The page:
Give an Hour (GAH) is a national organization that provides free mental health care to our service members, veterans, and their families. Our network of volunteers includes nearly 7,000 licensed mental health professionals, providing free counseling services (for as long as needed) in all 50 states, Washington, D.C., Puerto Rico, and Guam. Collectively our network has given over 112,000 hours of free service—valued at $11 million— since we began our efforts in 2005.
GAH is proud to lead the Health Pillar for Got Your 6 and proud to work closely with our colleagues from all six pillars of this important campaign. We know that no single organization, agency, or program can provide all that is required to ensure that those who serve come home to the opportunities they need and deserve. And, we know that in addition to providing services to those in need of care and support, we must engage and challenge those coming home to continue to be leaders and assets in their communities. Challenging and encouraging our veterans to continue to serve is important for them and good for our communities and our nation.
Although the war in Iraq has ended and the war in Afghanistan is winding down, the needs of some who served will continue to require our attention long into the future. In the mental health arena, the invisible injuries of war may continue to affect those who suffer for many years. And it isn’t only the service member or veteran who pays the price if we fail to provide appropriate care. We know that children and spouses of those who experience post traumatic stress, traumatic brain injuries, and other understandable psychological consequences of war can be adversely affected if their loved ones’ conditions go untreated.
Through our Clinton Global Initiative commitment to Got Your 6, Give an Hour has pledged to ensure that the next generation of mental health professionals are properly trained to recognize and address the issues that affect those who serve and their families. We are proud to work with all of the major mental health associations in the country, including the American Association of Pastoral Counselors, the American Psychiatric Association, the American Psychological Association, and the National Association of Social Workers toward the goal of training 100,000 students in the mental health community about these important issues. Currently, Give an Hour has tracked 12,500 students in the mental health field who have received training to help them prepare to provide appropriate care to our military community moving forward.
Through our many partner organizations GAH is able to identify—and showcase—efforts currently underway to educate and train students. We are also able to alert our partners of additional opportunities to bring good training into classrooms and conversations. Similarly, we are honored to work with The White House’s Joining Forces Initiative on this effort. Joining Forces is a national initiative created by the First Lady and Dr. Biden to engage all sectors of society to give our service members and their families the opportunities and support they have earned. As one focus of Joining Forces, the initiative asks universities and associations within the health care sector to ensure that their students understand the issues affecting our military community.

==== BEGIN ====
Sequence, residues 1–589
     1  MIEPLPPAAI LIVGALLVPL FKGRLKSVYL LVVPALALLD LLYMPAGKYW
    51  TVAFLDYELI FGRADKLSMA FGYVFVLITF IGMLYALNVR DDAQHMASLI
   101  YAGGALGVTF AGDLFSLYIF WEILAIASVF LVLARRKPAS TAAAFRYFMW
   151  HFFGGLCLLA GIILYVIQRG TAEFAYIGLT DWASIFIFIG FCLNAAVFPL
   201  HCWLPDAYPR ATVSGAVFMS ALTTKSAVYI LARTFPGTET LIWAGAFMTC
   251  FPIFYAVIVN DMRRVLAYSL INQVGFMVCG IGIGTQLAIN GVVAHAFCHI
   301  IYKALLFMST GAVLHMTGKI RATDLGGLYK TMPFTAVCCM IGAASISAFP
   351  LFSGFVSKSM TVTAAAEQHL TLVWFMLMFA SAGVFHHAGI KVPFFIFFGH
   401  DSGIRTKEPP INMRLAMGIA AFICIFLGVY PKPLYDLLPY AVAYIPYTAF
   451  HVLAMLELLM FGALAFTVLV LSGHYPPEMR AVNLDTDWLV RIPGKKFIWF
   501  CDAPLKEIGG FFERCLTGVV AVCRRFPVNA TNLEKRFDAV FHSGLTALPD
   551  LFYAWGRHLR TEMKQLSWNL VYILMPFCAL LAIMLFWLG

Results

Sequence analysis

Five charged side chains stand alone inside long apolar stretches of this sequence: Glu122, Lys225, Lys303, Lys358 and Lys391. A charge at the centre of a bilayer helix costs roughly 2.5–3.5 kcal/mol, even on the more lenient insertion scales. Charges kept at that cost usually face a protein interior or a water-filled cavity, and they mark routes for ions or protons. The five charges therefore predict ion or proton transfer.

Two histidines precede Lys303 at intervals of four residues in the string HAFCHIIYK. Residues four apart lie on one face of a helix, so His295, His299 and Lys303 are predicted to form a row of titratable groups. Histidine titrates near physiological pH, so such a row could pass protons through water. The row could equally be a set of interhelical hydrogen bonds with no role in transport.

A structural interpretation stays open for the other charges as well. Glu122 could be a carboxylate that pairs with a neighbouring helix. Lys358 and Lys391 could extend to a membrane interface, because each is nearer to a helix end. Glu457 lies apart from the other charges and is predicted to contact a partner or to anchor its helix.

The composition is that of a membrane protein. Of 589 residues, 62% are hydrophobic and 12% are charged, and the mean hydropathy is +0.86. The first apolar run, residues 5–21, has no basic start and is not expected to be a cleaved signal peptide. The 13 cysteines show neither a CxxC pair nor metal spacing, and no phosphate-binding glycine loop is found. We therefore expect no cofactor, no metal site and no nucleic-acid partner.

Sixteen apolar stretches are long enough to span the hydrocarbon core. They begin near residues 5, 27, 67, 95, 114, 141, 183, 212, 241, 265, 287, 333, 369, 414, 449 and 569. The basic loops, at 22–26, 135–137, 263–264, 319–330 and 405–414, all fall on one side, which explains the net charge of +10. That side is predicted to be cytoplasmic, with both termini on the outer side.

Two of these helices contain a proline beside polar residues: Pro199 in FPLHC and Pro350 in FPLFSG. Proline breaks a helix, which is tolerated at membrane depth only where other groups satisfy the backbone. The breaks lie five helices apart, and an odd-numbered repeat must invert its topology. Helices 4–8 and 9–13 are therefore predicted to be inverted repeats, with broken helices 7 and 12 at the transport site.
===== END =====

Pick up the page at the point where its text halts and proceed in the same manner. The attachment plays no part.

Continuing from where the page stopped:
Give an Hour is about to host our third annual Celebration of Service—this year in Washington DC. Our three-day event from April 6 – 8 brings together our nonprofit, government, and private sector partners to celebrate, engage, educate, and inspire. Partnering with the Studio Theater, this year we are pleased to offer a free day-long conference for students and professionals in the mental health community on a range of important and interesting topics including: the impact of war on children, the use of technology to address the issues that affect those who serve, non-traditional approaches to healing, and the power of art in the healing process.
Our Celebration of Service conference is one key element in our overall strategy to reach students within the mental health community and to ensure that they are properly trained on the important issues affecting our military community. We are proud to partner with Google to live stream this very important training opportunity. We are excited to offer this experience to those students and professionals who are unable to attend our conference in person. Virtual visitors may join us here.
By engaging, by teaching, and by inspiring, we are doing our part to close the military-civilian divide. We are helping to change the conversation in America so that those who serve are seen as assets in our communities. And perhaps, most importantly, we are raising awareness about an important truth. Sometimes veterans do come home with invisible injuries. This doesn’t mean that they can’t be productive employees, students, or leaders. It just means that they need a hand up—just like we all do once in a while.